Thursday, 06 Jul 2006 11:17
- Peterborough Evening Telegraph, UK
Britain's most popular talking parrot, the African grey, is under threat, wildlife campaigners have warned.
According to the Royal Society for the Protection of Birds (RSPB), numbers of the parrot are declining in the 23 countries in which it is found as a result of the trade in wild birds.
As such trading quotas will have to be reassessed for the third time at the Convention on International Trade in Endangered Species (CITES), which opens tomorrow.
The RSPB believes that the African grey's decline is in part due to weak existing trade controls.
"The pet trade has been exploiting wild birds for decades yet the trade goes on with too little thought for its sustainability," said Duncan McNiven, senior investigations officer at the RSPB.
"The plight of the African grey reflects the state of the bird trade as a whole and as the world's major importer of wild birds, the EU should now be banning imports of all wild birds."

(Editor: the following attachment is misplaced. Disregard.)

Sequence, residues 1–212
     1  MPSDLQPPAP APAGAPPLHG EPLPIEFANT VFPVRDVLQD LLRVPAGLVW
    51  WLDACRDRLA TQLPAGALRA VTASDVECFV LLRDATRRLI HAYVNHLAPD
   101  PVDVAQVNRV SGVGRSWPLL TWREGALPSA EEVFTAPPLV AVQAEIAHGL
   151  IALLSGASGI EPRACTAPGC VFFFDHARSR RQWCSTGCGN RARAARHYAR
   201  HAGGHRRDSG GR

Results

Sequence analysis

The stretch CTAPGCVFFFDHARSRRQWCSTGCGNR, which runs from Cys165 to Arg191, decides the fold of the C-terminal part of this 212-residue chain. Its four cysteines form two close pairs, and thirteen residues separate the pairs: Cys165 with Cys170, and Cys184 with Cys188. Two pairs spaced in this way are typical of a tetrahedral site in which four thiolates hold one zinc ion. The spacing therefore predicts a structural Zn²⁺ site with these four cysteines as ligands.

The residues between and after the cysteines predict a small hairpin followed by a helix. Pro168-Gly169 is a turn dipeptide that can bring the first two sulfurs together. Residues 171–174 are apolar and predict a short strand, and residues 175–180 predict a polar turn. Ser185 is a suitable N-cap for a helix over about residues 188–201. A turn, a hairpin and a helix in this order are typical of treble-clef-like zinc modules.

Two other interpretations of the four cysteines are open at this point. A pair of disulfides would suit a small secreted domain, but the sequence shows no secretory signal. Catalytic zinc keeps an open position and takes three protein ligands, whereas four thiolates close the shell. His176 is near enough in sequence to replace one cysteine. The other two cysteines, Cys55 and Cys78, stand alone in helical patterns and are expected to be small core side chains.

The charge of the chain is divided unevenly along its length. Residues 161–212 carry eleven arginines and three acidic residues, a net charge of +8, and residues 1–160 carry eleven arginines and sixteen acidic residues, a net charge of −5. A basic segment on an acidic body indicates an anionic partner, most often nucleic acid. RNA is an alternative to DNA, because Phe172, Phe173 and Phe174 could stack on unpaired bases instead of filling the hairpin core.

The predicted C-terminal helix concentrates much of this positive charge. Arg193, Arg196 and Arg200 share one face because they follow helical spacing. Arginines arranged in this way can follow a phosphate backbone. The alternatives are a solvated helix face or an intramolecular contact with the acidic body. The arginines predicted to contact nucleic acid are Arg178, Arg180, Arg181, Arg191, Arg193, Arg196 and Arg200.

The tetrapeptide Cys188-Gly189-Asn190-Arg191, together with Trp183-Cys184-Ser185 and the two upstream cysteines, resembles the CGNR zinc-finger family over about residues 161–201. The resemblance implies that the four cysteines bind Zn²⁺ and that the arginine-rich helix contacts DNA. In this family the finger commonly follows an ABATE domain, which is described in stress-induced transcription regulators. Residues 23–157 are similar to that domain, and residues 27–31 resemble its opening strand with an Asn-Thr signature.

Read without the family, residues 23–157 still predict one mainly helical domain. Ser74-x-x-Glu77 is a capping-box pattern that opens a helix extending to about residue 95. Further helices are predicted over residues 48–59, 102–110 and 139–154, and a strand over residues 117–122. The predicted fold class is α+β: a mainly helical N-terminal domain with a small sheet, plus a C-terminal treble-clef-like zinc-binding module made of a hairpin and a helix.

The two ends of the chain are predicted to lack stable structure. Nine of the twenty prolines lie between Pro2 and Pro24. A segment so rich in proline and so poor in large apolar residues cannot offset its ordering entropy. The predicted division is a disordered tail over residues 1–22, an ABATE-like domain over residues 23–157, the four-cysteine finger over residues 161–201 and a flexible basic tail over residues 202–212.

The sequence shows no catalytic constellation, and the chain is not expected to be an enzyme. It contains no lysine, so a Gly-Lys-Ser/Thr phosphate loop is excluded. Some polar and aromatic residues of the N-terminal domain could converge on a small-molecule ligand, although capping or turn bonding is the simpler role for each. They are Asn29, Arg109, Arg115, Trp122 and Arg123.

CITES records show that nearly 360,000 African grey parrots were legally traded between 1994 and 2003, with Europe being responsible for 93 per cent of this figure.
As a result of the decline the RSPB is advocating a permanent ban of the wild bird trade, and has drawn attention to the estimated one million birds which escaped a life in cages in European countries after the EU suspended wild bird imports following bird flu outbreaks.
"Local people rarely benefit when birds are exported from their countries with profits going to middle men and importers instead. The UK government and the EU as a whole is playing a major role in the decline of these magnificent birds and should do all it can to initiate a permanent ban," Mr McNiven added.